Los Angeles Disability Discrimination Claim Attorney
Individuals with physical and mental disabilities are protected under federal and state laws. Disability discrimination occurs when an employer treats a qualified individual who has or is perceived to have a disability unfavorably. Employers cannot refuse to provide reasonable accommodations to an employee with a disability or refuse to engage in a good faith interactive process to determine a reasonable accommodation Disability discrimination can also occur when an employer treats an employee or applicant differently because of a history with a disability. This can occur, for example, if someone is not hired because he or she used to have cancer and is currently in remission. Unfavorable treatment based solely on an individual’s disability is against the law.
It is important to remember that not everyone with a medical condition is protected under the law. In order to gain such protection under federal law, the individual must be qualified for the job and have a disability as defined by the law. Under the law, a person may be considered disabled if he or she has a physical or mental condition that significantly limits a major life activity such as walking, talking, seeing, hearing or learning. A person may also be considered disabled if he or she has a history of a serious medical condition such as cancer in remission or if he or she has a physical or mental impairment that is not transitory and is going to last more than six months. Medical conditions that result in an active limitation (for example, the need to attend follow-up medical appointments) can also be protected under the law.
Circumstances When Discrimination Occurs
Under federal law, discriminating at the workplace is prohibited when:
- Hiring new employees
- Firing current employees
- Assigning jobs
- Determining wage
- Offering promotions
- Determining layoffs
- Deciding who receives training or fringe benefits
- Making decisions regarding terms of employment
- Harassment and Intimidation
Federal and state law protects job applicants as well as current employees who have a disability. Employers must engage in a timely, good faith interactive process and provide reasonable accommodations for an employee or potential employee with a disability unless that accommodation will result in a significant expense. An employer’s duty to engage in an individualized interactive process begins as soon as he/she has a reason to believe that an employee has a disability. The good faith effort should include an honest discussion with the employee and human resources (if there is one), and should take into account any letters from medical professionals.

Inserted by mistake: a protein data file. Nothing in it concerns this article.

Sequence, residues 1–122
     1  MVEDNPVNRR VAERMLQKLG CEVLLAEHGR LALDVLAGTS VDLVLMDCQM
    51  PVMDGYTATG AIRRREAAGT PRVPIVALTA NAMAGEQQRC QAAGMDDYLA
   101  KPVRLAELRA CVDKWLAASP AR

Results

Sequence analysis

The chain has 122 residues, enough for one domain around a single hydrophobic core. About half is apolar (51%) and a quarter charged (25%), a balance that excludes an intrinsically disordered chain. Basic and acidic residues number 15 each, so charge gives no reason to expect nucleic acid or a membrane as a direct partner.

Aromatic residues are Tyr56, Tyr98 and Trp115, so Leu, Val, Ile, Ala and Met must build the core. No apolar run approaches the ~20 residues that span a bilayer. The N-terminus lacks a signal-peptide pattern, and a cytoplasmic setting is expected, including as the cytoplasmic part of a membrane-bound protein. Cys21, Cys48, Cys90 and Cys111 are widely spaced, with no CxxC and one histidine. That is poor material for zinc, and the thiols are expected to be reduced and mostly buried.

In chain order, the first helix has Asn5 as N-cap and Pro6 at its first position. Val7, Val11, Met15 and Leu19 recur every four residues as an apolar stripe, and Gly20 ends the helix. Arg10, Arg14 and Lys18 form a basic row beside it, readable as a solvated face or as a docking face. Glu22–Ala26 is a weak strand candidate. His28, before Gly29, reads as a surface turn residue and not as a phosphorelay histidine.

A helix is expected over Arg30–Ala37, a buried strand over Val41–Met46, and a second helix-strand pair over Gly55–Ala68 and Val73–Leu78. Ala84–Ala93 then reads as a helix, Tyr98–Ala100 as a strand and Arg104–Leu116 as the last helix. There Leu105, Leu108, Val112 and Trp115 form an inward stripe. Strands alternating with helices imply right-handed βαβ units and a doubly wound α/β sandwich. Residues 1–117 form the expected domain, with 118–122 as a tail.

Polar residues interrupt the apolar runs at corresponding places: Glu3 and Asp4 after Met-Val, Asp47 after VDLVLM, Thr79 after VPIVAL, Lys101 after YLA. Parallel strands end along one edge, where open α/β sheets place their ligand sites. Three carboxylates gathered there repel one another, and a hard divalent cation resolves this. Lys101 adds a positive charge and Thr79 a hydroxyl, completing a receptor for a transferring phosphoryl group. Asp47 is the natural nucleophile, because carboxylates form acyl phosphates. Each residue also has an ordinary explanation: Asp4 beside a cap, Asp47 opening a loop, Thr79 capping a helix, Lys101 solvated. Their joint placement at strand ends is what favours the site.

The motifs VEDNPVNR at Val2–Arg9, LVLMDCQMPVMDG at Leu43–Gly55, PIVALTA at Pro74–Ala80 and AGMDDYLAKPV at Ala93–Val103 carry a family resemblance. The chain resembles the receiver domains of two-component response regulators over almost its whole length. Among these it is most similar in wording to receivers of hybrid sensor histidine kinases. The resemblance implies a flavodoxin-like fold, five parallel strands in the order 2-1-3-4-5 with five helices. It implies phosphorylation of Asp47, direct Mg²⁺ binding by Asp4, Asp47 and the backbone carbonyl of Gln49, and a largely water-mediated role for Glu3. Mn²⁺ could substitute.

Reasonable accommodations may include, for instance, purchasing a ramp to make stairs accessible for wheelchair users or using a sign language interpreter for someone with a hearing impairment. State law also protects individuals associated with individuals with disabilities. For instance, an employer must provide a reasonable accommodation to allow a parent to have a flexible work schedule to care for his disabled child, as long as the parent can perform his essential job functions. Employers must engage in a good faith effort to make these accommodations. As long as an employee can perform the essential job functions, either with or without the accommodation, and the accommodation would not result in an unreasonable financial burden, the employer must provide the accommodation.
Employers can refuse to hire someone with a disability if they can prove that doing so would cause undue hardship. This means that they would not be able to afford to make accommodations necessary to employ the individual and therefore should not have to hire the indivi
It is also illegal to harass an employee or job applicant because of a current disability or past disability. For example, harassment can include offensive remarks about a person’s disability. Generally speaking, isolated incidents cannot become grounds for a lawsuit. But harassment of the individual with a disability is illegal when it is frequent or severe and when it creates a hostile or offensive work environment.
It is illegal when such harassment results in an adverse employment decision such as the victim being fired, demoted or passed up for a deserved promotion. The harasser may be the victim’s supervisor, a supervisor in another area, a co-worker or someone who doesn’t work for the employer, but is an outside party such as a vendor, client or customer.
Have You Faced Disability Discrimination?
If you believe that you have been discriminated against, you will have to first prove that you have a serious medical condition or disability and that you are qualified for the job and can perform the essential job functions despite your disability. You will need medical evidence to back up your claim. Employers do not have to hire every job applicant, and they can often terminate employees at will.
However, if employers base these hiring and termination decisions based on a disability, it is discrimination and against the law. If you or a loved one has been subjected to disability discrimination, please contact Strong Advocates to discuss your case. Call (800) 870-9886 to find out how he can help you.